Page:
Several experiential productions are planned as well. Franco
Mondini-Ruiz’s Painting Place offers audiences the unique
opportunity to observe the progression of an artist’s exhibition
and participate in its creation. Using CAF’s Norton Gallery as his
studio, Mondini-Ruiz will invite gallery patrons and local
residents to be his assistants — organizing supplies, arranging
materials, painting, and selling his amusing and beautiful canvases
to passersby. The Center for Tactical Magic will be touring the
Tactical Ice Cream Unit, providing food and
food-for-thought in the Funk Zone, near Casa de la Raza, and at the
CAF family day. What looks like a regular ice cream truck is fully
decked out for satellite, Internet access, and surveillance, and in
exchange for free ice cream, they disseminate progressive
literature on a variety of issues in both English and Spanish.

Several important exhibitions will be held in interesting
temporary venues. Edward Cella Art+Architecture’s
Explorations, featuring works by emerging and mid-career
artists, will be housed in the Andalucía Building on lower Anacapa
Street. The reception for Unearthed, photographic
portraits of area notables by Graham Bury and Danielle Rubi, will
be held in the garden of a private residence, where the pictures
will be hung amid flora and fauna.

Off-Axis aims to create a global cross-pollination as well. SBMA
is already partnering with CAF on Between Past and Future,
their current joint exhibition of contemporary Chinese photography
and video. For Espacio Central/Central Space,
artist/curator Rafael Perea de la Cabada selected three
installation artists to create site-specific projects in Santa
Barbara, in conjunction with concurrent installations in Mexico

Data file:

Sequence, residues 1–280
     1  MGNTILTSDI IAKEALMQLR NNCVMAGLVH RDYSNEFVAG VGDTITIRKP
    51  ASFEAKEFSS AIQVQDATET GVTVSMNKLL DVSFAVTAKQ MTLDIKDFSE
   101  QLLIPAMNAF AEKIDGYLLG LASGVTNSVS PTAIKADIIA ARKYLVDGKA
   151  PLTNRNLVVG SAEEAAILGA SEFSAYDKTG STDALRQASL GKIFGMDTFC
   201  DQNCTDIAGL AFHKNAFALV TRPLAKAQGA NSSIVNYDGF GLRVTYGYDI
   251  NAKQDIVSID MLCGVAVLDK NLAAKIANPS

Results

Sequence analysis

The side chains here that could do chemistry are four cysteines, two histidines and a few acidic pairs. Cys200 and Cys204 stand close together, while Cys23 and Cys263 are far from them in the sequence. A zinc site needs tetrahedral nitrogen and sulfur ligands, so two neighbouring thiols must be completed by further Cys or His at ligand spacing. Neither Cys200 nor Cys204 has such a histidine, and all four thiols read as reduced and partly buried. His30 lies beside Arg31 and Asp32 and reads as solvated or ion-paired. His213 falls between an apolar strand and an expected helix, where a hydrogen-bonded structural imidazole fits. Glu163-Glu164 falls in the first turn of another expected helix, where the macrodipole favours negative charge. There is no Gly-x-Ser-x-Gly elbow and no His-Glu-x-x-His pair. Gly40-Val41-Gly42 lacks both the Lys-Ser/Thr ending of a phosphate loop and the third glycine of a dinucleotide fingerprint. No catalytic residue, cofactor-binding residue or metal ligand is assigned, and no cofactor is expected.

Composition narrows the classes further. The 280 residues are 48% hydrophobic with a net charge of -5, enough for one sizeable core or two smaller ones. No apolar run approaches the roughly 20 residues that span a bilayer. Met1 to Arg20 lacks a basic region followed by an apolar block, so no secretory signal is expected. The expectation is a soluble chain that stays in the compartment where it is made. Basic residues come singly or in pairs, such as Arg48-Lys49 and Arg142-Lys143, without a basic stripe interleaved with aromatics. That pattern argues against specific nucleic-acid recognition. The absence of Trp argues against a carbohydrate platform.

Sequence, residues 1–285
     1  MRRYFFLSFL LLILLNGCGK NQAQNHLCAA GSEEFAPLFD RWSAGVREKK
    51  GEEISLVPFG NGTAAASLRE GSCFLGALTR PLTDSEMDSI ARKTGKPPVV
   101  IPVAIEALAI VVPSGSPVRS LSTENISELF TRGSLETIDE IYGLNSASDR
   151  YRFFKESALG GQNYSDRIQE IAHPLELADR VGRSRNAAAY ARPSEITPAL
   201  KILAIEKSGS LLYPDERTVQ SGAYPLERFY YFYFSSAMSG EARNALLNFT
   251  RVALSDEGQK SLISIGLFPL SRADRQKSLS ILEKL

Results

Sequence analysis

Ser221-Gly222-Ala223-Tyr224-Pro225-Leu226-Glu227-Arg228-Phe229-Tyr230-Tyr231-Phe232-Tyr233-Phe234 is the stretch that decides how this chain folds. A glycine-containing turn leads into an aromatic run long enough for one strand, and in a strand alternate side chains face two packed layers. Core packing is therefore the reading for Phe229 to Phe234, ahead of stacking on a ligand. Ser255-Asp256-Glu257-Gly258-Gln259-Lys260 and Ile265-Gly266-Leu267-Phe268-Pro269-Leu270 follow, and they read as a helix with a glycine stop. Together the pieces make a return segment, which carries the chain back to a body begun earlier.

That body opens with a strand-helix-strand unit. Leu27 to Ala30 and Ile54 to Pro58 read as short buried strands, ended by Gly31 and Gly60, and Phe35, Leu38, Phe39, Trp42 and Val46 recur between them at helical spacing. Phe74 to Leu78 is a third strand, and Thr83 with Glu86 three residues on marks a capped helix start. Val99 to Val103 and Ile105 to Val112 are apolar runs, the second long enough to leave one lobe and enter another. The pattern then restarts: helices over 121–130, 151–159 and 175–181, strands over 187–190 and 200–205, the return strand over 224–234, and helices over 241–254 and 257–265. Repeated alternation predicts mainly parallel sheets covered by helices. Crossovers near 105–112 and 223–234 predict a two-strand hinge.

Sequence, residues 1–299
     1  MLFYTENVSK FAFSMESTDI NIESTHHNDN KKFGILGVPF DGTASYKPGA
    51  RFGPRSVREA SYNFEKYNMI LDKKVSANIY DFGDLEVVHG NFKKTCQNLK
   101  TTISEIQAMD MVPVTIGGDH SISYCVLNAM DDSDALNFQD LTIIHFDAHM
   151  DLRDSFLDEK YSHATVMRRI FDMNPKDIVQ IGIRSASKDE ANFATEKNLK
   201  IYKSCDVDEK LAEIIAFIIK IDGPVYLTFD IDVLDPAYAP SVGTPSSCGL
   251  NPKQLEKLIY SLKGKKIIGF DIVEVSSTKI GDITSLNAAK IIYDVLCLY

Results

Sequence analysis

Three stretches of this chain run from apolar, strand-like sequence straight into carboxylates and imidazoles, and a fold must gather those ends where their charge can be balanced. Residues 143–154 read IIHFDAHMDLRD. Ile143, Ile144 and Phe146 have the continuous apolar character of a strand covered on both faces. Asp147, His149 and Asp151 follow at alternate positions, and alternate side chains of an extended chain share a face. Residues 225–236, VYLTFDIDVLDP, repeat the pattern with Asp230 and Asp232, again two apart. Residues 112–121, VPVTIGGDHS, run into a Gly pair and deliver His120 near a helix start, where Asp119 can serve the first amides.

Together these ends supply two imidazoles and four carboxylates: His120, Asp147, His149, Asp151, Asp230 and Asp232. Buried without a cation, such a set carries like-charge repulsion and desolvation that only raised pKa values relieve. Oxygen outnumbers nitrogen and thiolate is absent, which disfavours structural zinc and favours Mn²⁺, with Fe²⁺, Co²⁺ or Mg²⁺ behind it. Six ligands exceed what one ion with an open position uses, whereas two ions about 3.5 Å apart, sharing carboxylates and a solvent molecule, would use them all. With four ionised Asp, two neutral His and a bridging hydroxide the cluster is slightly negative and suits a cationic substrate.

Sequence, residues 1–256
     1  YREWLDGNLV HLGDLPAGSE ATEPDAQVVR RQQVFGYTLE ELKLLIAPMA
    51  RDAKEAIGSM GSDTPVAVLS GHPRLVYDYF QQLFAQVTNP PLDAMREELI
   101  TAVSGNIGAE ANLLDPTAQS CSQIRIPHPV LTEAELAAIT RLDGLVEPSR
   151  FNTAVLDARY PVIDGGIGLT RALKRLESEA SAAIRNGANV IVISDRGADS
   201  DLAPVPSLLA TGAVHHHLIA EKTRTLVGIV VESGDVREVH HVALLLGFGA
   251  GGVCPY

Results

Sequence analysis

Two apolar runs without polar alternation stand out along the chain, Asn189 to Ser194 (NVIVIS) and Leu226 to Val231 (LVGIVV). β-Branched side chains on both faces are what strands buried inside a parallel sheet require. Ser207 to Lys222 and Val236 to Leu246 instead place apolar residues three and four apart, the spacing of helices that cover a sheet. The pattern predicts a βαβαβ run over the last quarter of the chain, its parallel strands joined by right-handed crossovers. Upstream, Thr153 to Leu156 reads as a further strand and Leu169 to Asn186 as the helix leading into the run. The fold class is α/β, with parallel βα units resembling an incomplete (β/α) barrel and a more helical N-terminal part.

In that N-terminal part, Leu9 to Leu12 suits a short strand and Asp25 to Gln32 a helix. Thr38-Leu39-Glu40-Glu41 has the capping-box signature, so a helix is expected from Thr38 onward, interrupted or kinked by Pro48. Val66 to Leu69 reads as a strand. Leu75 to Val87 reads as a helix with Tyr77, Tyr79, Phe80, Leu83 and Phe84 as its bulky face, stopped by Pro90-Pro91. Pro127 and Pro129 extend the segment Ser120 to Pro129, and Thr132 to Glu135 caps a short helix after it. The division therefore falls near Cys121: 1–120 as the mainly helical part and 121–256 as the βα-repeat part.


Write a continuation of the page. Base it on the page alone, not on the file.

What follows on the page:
City. Cabada has also been working with students from SBCC and two
local high schools to create a mural as tribute to the Mexican
artist Rufino Tamayo. The mural unveiling is scheduled to
coordinate with Mexican Independence Day and with the SBMA
exhibition Tamayo: A Modern Icon Reinterpreted, opening in
Mexico City before coming to Santa Barbara. Ms. Homeland
, an installation and performance piece at the
Courthouse, will tie in with the celebration of Mexican
Independence Day as well.

All this is taking place against the naturally majestic backdrop
of Santa Barbara — the rustling palms, ocean, and mountains we all
know and love. With luck, Off-Axis will bring about a harmonious
balance between Santa Barbara’s vibrant and cosmopolitan
contemporary art scene and the strong tradition of landscape
painting for which the region is better known.

For Miki Garcia, that possibility feels within reach. “There is
so much potential for Off-Axis to be really influential on a
national scale in the coming years. It was a lot of work, but in
the end … no, not in the end, but in the future, it can be

4•1•1 An extensive brochure with event listings
and a map to participating venues can be obtained in the fall issue
of Seasons magazine, at participating venues, or by contacting
Rebekah Altman, Off-Axis community coordinator, at raltman@offaxis.org or 568-3993.
For further information, visit www.sboffaxis.org.